Thursday, February 01, 2007

woe is me

i'm reading a book by rob bell called 'velvet elvis.' in this book, he talks a bit about how we need to understand Jesus in his jewish context. one of the ways he does this is to talk about the process by which young boys became rabbis or teachers, as jesus was often called. after years of schooling and memorizing both scripture and midrash, a young boy would then go through a process of finding a rabbi and trying to earn that rabbi's favor, that he might become a student/disciple/apprentice of that rabbi. but you had to be good enough. you had to prove yourself. and if you were lucky enough to really impress a rabbi, to prove that you were good enough to be like that rabbi, then he would choose you to follow him.

in that context, remember the story of luke 5:1-11, in which simon peter becomes a student/disciple/apprentice of Jesus. when confronted with Jesus, peter, that great apostle of the Christian faith, said, quite literally, "woe is me. get away from me, Jesus. i'm just not worthy to be with you."

but jesus didn't walk away. he didn't shake his head in disappointment. instead, he said to peter, "don't be afraid, pete. i am choosing you. you've been working so hard to capture fish, but from now on, with me, you'll be captivating people."

you see, simon peter didn't come to jesus. instead, as he so often does, jesus turns expectations upside-down by going to peter. the teacher seeks his students! and not just any students, but common fishermen! sinners! jesus goes to those whom he would call, and he says, "don't be afraid. i know that this is backwards, and that it freaks you out, but i choose you. you are good enough for me. you've been fishermen. now you will be my disciples."

so what does this mean for us? jesus has chosen us, not the other way around,
to be his disciples;

to be like him.

jesus has chosen you to be his student and apprentice;

to feed his sheep;

to be his body in a world that is longing for his touch.

Jesus has chosen you and says to you, "you are good enough. i know you are a sinner. but i will not leave you - i will not let you off that easy. don't be afraid. you are good enough. you have been chasing all sorts of things. but i am telling you that you will now captivate people for the sake of love."


woe is me.



monica said...

but is it that we are good enough, or HE is good enough to let us follow him? His goodness is everything.

cathyQ said...

In a "self help" world where we are encouraged to "Improve your golf game", "Become a better cook" and "Learn to face your fears." it is refreshing to hear the message of Christ: "Come unto me all that are weary and I will give you rest." This message of healing is so needed today. We don't have to read "Salvation for Dummies." All we have to do is surrender, just as we are. No self improvement classes, no schedules of planning, no "training to be like Him." Come first; learn later. Now that's an innovative method and message.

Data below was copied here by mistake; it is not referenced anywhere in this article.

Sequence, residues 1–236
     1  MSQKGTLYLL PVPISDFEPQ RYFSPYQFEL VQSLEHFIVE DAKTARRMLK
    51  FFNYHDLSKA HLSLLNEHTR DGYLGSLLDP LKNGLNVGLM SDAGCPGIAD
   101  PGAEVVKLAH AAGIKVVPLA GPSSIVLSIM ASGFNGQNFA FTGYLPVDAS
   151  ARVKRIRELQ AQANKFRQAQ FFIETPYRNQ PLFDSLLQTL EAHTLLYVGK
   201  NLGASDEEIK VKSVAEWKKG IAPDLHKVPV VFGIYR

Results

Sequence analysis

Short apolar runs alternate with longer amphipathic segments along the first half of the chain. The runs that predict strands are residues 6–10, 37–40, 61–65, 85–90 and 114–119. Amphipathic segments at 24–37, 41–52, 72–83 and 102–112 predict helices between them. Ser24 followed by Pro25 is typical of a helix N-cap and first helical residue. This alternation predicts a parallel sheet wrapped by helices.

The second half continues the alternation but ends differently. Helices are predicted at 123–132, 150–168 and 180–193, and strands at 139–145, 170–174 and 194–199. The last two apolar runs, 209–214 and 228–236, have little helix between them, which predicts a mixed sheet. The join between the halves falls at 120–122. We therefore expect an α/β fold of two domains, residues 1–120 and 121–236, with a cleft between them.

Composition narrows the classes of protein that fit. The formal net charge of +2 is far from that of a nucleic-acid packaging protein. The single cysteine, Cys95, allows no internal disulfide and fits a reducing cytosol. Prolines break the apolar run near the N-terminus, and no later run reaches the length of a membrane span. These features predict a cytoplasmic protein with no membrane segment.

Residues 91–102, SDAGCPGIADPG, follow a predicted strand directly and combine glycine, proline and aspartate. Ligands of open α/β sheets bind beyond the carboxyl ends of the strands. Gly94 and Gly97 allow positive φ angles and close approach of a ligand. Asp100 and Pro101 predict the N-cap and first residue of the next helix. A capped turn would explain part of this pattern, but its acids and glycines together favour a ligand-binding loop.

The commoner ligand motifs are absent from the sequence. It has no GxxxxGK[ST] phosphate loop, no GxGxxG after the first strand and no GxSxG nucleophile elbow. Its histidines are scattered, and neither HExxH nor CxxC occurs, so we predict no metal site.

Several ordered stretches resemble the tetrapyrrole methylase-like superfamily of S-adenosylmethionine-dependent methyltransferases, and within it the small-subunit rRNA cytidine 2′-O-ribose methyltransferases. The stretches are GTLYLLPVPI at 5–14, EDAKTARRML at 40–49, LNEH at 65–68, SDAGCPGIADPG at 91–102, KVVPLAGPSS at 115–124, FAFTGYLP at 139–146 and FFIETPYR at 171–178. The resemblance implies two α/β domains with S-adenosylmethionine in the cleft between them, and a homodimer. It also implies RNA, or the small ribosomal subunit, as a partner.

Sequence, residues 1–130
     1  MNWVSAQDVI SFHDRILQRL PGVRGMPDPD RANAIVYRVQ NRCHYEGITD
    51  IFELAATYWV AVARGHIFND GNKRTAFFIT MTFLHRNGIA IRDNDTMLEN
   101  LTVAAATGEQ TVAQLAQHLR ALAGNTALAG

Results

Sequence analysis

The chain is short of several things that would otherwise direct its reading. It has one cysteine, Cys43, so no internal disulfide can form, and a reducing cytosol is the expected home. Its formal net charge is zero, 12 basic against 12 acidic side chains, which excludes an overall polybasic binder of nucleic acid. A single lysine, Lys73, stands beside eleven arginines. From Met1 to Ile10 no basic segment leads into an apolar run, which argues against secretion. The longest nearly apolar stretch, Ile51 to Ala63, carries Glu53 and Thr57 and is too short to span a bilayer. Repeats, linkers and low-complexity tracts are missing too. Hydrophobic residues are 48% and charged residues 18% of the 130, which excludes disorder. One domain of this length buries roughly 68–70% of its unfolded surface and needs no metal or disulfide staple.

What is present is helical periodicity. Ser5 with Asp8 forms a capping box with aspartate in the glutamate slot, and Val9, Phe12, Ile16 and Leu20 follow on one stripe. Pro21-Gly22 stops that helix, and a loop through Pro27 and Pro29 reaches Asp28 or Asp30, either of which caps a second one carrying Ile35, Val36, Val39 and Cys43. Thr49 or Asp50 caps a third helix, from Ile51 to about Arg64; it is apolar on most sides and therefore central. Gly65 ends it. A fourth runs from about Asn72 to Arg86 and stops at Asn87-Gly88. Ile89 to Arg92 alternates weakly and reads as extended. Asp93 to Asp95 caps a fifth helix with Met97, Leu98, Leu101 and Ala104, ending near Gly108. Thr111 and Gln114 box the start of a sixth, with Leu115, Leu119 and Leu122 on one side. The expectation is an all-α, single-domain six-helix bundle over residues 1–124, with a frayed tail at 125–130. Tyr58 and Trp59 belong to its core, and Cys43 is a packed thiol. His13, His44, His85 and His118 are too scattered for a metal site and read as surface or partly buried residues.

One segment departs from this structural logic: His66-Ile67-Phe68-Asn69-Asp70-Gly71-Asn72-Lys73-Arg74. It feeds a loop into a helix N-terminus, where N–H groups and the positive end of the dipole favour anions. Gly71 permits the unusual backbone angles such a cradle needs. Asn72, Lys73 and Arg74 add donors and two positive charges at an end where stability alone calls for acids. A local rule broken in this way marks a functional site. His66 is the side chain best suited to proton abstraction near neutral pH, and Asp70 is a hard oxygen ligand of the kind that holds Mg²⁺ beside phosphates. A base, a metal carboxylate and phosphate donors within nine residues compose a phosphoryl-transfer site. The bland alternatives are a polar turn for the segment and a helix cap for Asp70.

greg. said...

sure, Jesus is good enough. of course. but i think one of the incredible parts of the Gospel, and what makes it truly good news to us, is that Jesus is saying we are good enough to be his disciples. we don't have to get ourselves into position to be worthy. we are already worthy. we were made perfectly. fearfully. wonderfully. and God looked at it all and said, "it is good."


we don't see ourselves that way, but Jesus does. he looked at peter in the boat, and he looks at us, and he says, "you are good enough."

maybe its just me, but i don't hear jesus saying, "i am good enough to accept you." i hear him saying, "you are good enough."

but that's just me.


Paul said...

Maybe this is semantics, because I kinda understand what your saying Gregor, but...

He died to pay for our sin. We all fall infinitely short. We are slaves to our sin until He sets us free. It is His goodness and blood that makes us infinitely good before the Father. We are not good until he purchases us.

greg. said...

if you are saying that we are tainted by original sin; that we all stand in need of grace, of course i agree with you.

but i also need to emphasize the "once-and-for-ness" of Christ's redemptive act. it is once and for all. "it is finished" as jesus said. we don't need jesus to die for us again. he died, already. we have been made clean. we have been made new. we are now new creations. the old has passed away.

i think we could all use a healthy dose of seeing ourselves (and each other) the way Christ sees us - as forgiven and beloved children of God. not as a group of followers who are failures and never quite measure up.

my point in all of this is that JESUS CAME TO PETER, not the other way around. by extension, then, my point is that Jesus came to us, not the other way around. 'while we were yet sinners,' jesus came to us and chose us.

there is no condemnation for those who are in christ jesus.

that is my point.

thanks for all the debate, it gets my juices flowing!